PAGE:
Help me! I need a fix!
October 1, 2005 1:52 PM   Subscribe

I'd like to recreate the thrill I used to get reading NON-fiction articles in the pre-Tina Brown "New Yorker" (yeah, I know she's no longer the editor, but I can still smell her when I get too close to a current issue), and I'm wondering if I can do it online by following a group of literate blogs (or other online resources?).

I DON'T want to read anything topical.

I DON'T want to read anything political.

I want well-written, personal essays on obscure topics. (I've taken to reading random pages of Wikipedia, but it's a bit to scematic for my tastes.)

When Tina Brown took over the "New Yorker," she scoffed at the articles that the magazine used to publish, citing one on zinc as a laughably obscure example. Well, I read that article on zinc and LIKED it.

I liked the fact that the NYer writing was SO good that I could pick it up and read an article at random -- an article on a subject that didn't even interest me -- and the writer would draw me in.

The closest I've ever found online was Openletters.net. Unfortunately it's been dead for years. I also like "This American Life" when they're straying from the political/topical. But I want something I can read -- not listen to. Help!
posted by Evangeline to Media & Arts (15 answers total)
 
By the way, I already know about the NYer archives on DVD.
posted by Evangeline at 1:53 PM on October 1, 2005


I like The Morning News. A good portion of it is fiction, but not all. Also try Other Peoples Stories.
posted by atom128 at 1:56 PM on October 1, 2005


I don't have an answer Evangeline, just wanted to say that this was a GREAT question. I am exactly the same way. I miss it so much, and truth is, it will probably never happen again. People rave about Shawn, but for this type of writing, I think Gottlieb's New Yorker was the best.
posted by vronsky at 2:09 PM on October 1, 2005


Do you follow Arts & Letters Daily?
posted by johngoren at 2:13 PM on October 1, 2005


John McPhee is writing for the New Yorker again; his article on coal trains last week was fantastic, as was his piece on riverboat pilots earlier this year.
posted by nicwolff at 2:20 PM on October 1, 2005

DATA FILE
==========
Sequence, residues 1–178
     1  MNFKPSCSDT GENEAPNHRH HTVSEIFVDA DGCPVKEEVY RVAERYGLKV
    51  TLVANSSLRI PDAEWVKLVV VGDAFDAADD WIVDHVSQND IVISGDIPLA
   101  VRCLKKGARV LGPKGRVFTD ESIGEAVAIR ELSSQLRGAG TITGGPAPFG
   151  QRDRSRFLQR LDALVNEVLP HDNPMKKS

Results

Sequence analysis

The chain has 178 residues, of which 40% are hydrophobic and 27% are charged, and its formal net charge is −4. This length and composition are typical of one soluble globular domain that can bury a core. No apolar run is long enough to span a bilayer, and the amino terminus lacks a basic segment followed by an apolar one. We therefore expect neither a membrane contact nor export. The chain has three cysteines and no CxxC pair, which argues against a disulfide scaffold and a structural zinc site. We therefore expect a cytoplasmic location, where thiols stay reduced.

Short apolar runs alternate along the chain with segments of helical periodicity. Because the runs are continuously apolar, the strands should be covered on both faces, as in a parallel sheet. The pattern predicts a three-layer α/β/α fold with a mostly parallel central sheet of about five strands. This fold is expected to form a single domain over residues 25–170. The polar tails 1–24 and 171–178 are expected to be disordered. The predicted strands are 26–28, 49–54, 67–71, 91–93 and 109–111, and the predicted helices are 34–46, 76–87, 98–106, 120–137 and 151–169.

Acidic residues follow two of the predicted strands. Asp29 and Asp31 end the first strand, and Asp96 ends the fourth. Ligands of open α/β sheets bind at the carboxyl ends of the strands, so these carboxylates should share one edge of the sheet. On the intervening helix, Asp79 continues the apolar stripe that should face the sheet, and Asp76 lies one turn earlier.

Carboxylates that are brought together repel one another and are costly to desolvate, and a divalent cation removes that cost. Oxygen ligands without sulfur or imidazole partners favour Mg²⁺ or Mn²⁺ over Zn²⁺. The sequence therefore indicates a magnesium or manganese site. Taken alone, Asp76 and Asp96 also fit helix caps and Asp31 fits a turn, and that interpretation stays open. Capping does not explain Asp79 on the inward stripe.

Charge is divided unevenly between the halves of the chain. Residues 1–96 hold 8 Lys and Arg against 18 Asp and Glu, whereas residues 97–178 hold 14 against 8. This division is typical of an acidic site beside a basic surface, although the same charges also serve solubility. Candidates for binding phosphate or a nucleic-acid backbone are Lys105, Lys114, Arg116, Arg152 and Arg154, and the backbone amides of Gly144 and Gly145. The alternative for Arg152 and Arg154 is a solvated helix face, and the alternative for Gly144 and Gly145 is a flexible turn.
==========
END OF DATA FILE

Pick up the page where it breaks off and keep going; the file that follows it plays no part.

I second (highly) John McPhee! Here's his official website.

Also, check out...
Adam Gopnik

Donald Hall

Michael Ruhlman

David Sedaris

Sarah Vowell
posted by ericb at 2:48 PM on October 1, 2005


My bad ... the five links are bad. Here are ones that work:

Gopnik, Hall, Ruhlman, Sedaris and Vowell.

Oh -- and consider Tracy Kidder.
posted by ericb at 3:00 PM on October 1, 2005


IMHO, the jewel of The New Yorker was and remains Louis Menand. If you haven't read The Metaphysical Club, do so immediately. It's one of the best books I've read in the past few years. I can't wait for his next book on the Cold War (I saw him lecture and it was spectacular).
posted by allen.spaulding at 4:50 PM on October 1, 2005


While I certainly sympathise with any feeling that “they just don’t do it right any more...,” I must say that I still read and love the NYer just as you describe: something I can pick up at random and settle down with for a guaranteed good read about interesting stuff by equally interesting and impressive writers. I miss the huge profiles and the occasional endless essay on unlikely stuff, too, but I still love the critiques and the reviews and the personal histories and the overviews of current scholarship. The recent piece on Gertrude Stein and her first novel was a perfect example.

So...imo, there’s still gold in them hills; just heading off now to dig some more, perched on a driftwood “sofa” with a few random issues twisted into my jacket pocket while my wife beach-combs along the southern Oregon coast. In the middle of gorgeous nowhere, I’m connected to the best of the rest of the world...because the NYer is STILL the best magazine in the world.
posted by dpcoffin at 4:56 PM on October 1, 2005


I was just recently turned on to a Montreal-based magazine called Maisonneuve. Website here.

The topics appear to be wide and varied. For example, there was a really good personal piece about dieting, another about kangaroo killing and how the National Gallery is spending taxpayer dollars.
posted by quietfish at 5:23 PM on October 1, 2005


ericb: Sarah Vowell does not avoid politics. Not hardly. I love political writing, but I grew tired of the constant opinions re current politics in "Assassination Vacation."
posted by raysmj at 7:58 PM on October 1, 2005


Damn, dpcoffin, you read my mind.
posted by docpops at 9:20 PM on October 1, 2005


The London Review of Books does this kind of thing - the pieces are mostly book reviews, but only loosely - they always have good writers who construct an interesting piece around their theme. Sometimes they will have more general pieces, not based around books.

I imagine the New York Review of Books does a similar thing?
posted by altolinguistic at 8:04 AM on October 2, 2005


So just read the old NYers on DVD. Also, read John McPhee's books; I've read 20+ of them and they're all great. Read E.B. White.

Also, can someone please explain why the NYer has to have a Fashion issue -and- a Style issue, and why I shouldn't slap them for it?
posted by neuron at 12:52 PM on October 2, 2005


Best American Essays anthology (yearly).
posted by matildaben at 5:18 PM on October 2, 2005


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